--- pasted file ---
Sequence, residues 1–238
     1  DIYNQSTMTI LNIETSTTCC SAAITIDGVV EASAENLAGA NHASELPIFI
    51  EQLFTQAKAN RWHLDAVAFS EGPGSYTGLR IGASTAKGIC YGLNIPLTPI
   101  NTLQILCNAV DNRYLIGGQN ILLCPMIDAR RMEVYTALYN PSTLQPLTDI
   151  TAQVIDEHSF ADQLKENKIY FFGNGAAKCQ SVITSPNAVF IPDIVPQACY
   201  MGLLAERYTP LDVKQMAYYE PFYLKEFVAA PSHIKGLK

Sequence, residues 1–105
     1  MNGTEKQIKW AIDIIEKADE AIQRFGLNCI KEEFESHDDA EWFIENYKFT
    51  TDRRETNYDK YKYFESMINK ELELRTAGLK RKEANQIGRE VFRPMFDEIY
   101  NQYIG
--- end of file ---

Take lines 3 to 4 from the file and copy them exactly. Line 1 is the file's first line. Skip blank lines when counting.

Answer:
    51  EQLFTQAKAN RWHLDAVAFS EGPGSYTGLR IGASTAKGIC YGLNIPLTPI
   101  NTLQILCNAV DNRYLIGGQN ILLCPMIDAR RMEVYTALYN PSTLQPLTDI